Recently, the U.S. Supreme Court upheld Arizona’s state law requiring businesses to use E-Verify. A number of states, including Georgia and Tennessee, have adopted state laws relating to E-Verify. While the Supreme Court decision does not automatically uphold every state law, it lays out parameters under which states may enact immigration enforcement legislation. Farm Bureau opposes mandatory E-Verify.
Chairman Lamar Smith (R-TX) of the House Judiciary Committee introduced H.R. 2164, which would mandate E-Verify for all employers (including agriculture) and is expected to be voted on by the Judiciary Committee in the near future.
Rep. Dan Lungren (R-CA) hopes to offer legislation for a non-immigrant agriculture worker program housed within USDA as an amendment to H.R. 2164. Rep. Lungren’s proposal operates completely outside the current and very bureaucratic H-2A guest worker program. Rep. Lungren’s proposal offers 10 month employment terms, freedom for workers to travel back to their home country, and is not a path to citizenship. Additionally, this program would allow employers to ask for specific workers in the application process. The terms of employment (among different employees) can overlap to provide for continuity in non-seasonal operations. Farm Bureau supports Rep. Lungren’s proposal.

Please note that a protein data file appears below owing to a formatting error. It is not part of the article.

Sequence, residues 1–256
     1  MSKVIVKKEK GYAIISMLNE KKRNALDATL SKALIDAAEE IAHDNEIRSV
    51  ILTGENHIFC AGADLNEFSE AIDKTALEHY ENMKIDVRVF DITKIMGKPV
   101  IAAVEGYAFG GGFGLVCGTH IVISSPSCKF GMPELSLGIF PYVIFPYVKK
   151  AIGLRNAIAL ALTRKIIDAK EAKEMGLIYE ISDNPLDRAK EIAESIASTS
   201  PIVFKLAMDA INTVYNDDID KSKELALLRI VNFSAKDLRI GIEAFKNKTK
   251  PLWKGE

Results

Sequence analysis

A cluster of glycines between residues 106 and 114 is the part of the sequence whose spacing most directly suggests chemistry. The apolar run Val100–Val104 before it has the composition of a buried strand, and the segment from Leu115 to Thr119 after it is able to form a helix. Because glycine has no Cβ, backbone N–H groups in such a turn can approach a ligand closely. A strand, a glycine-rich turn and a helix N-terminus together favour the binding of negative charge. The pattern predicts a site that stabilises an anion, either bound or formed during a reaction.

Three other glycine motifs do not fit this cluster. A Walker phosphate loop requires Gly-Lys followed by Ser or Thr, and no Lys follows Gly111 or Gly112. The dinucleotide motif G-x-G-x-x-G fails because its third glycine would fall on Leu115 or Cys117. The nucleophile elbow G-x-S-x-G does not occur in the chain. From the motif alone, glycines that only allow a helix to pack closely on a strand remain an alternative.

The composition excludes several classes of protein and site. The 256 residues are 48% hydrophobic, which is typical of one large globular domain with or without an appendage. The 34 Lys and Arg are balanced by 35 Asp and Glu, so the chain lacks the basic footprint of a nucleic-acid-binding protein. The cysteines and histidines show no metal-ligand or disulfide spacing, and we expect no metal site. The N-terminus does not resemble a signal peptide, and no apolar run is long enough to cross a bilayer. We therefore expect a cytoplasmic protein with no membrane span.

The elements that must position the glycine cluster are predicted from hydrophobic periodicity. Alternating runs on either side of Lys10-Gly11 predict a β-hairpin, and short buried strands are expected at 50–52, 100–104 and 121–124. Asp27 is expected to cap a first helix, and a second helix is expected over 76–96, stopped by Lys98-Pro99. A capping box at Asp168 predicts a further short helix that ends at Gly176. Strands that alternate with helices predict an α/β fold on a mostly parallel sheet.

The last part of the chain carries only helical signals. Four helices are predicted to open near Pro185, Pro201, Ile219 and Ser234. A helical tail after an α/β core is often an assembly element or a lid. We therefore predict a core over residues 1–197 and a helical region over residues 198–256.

Farm Bureau calls on Members of Congress to oppose any attempt at mandatory E-Verify (H.R. 2164) without a viable ag worker provision as part of the legislation. Additionally, Farm Bureau asks Congressional Representatives to support Rep. Dan Lungren’s ag worker proposal.